Dexter City Council Candidate Zach Michels moved into a nearly century-old home on Dover Street, built by the carpenter who erected the Dexter Mill building, because he grew up in another small-town where everything was either within walking distance or you could lay eyes on it from your living-room window.
“I moved here for the quality of life, which I think is an important thing for us to continue to support … over the last 15 years we’ve gotten a lot of improvements along those lines, like the (Mill Creek) park, the street-scaping, the farmer’s market,” said Michels, who is one of two challengers alongside Peter Meloche vying for three open seats against incumbents Ray Tell and James Smith.
While Michels promised to ensure further investment in quality-of-life improvements and developments, which is a pretty basic campaign promise for any local politician, aspiring or otherwise, he brings more to the table as a candidate, being employed by Dexter Township as director of zoning and planning.
Quality of life over tax incentives
His professional experience in planning and economic development has instilled in him an interesting philosophy that bucks the trend of local units of government giving tax exemptions to local commercial and industrial developments based solely on the amount of money being invested into expanding their facilities and the number of additional jobs that would be created as a result of that investment.
“I would prefer to invest in those quality of life things that everyone gets to enjoy and use as opposed to giving tax breaks to companies, which there’s been a long tradition in economic planning and development of doing,” he explained. “There are a couple of recent cases, where the city of Dallas lost Boeing to Chicago because none of the employees wanted to live in Dallas, because there’s nothing to do in Dallas when you’re not working.”
The Boeing move brought $5 billion in value to the local economy in Chicago. Various quality of life issues, including not only access to amenities, but concerns over infrastructure and commute times also played a role in the relocation of the iconic aerospace and defense company’s headquarters.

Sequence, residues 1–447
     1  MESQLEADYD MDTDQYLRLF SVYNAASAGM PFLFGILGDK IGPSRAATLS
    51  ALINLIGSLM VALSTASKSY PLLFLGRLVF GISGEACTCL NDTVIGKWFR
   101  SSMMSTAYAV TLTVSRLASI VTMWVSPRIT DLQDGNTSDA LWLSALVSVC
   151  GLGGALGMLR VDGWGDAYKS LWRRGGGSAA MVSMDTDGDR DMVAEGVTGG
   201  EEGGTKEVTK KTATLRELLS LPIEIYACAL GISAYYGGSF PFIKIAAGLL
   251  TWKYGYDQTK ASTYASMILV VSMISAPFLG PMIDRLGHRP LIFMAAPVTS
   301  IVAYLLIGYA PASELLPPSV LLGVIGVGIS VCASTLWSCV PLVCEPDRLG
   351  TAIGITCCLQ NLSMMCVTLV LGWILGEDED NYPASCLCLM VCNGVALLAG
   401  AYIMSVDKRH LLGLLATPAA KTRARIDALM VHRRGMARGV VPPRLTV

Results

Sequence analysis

It’s not hard to see why Michels has a strong view of local governance and politics from a similar perspective of a young working professional, when you hear him talk about what he likes about living in Dexter.
“My job being in Dexter Township is nice, so I’ve got a five minute commute, which is fantastic,” he said. “I like the cultural amenities, which remind me of the village where I grew up (Shepherd, Mich.), which had 1,500 people in it. When I was a kid you could walk to four different places to buy candy bars, and I was just a block from the schools and two blocks from Main Street.”
Shepherd is similar to Dexter, in that it is less than 10 minutes from Mount Pleasant, which is a major urban hub in a much less densely populated and developed rural and suburban region, much like Ann Arbor is to Washtenaw County and the smaller satellite towns that surround it.
Working professionally in municipal planning, Michels is also no stranger to the life of attending late meetings and the hours of dedication required to be present for the countless staff meetings, working sessions, public meetings, committee meetings and closed session discussions that both elected municipal officials and the administrative staffs that answer to them must go through.
In that way he’s more similar to the incumbents that he’s challenging than a typical newcomer candidate.
“I’ve always kind of been involved with public service,” he said. “My background job is with urban planning, so we’re involved with public meetings every night every week, and I’ve previously served on my village’s planning commission, and when I lived in Indiana I was on the Angola Historic Preservation Commission.
“I think my background in the boiler room of local government would help me with the policy decisions that would have to be made.”
Benefits of professional planning background
One specific area that Michels believes his professional background would be an asset in regards to is the city’s ongoing discussion on where to locate the government offices and also house public safety functions like the Dexter Area Fire Department and the base of operations for the Washtenaw County Sheriff’s Office substation.
Currently the configuration of which of these functions would receive a new building or be moved into an existing building, as well as the extent to which that existing building would need to be renovated and/or expanded, is still being discussed by city officials.
“Dexter Township is in the process of finishing up building a fire substation and I have gotten to see firsthand the good, the bad and the ugly … I’ve gotten to see firsthand the things you’d want to do again, the things you’d want to do different, and the things that would have you running screaming if they happened again,” Michels said.
Michels also said he would like to take a look at the city’s department of public works staff, particularly what’s being done to retain them in light of the city’s push in recent years to increase training and certifications among DPW employees.
“I know that a challenge for local governments is being able to pay the people what they’re worth, and because we’ve spent all this money training them and now they’re in demand from all these other communities, so paying them what they’re worth is a challenge to do without raising taxes,” he explained.
Michels would also like to have input into some of the developments that are being proposed in and around Dexter, particularly the Peters Building Company proposed 200-acre development on the south side of town, which he said would have an impact on the community “for years to come.”
“If it’s done well, it will be an asset, and if it’s done poorly it will be done poorly forever.”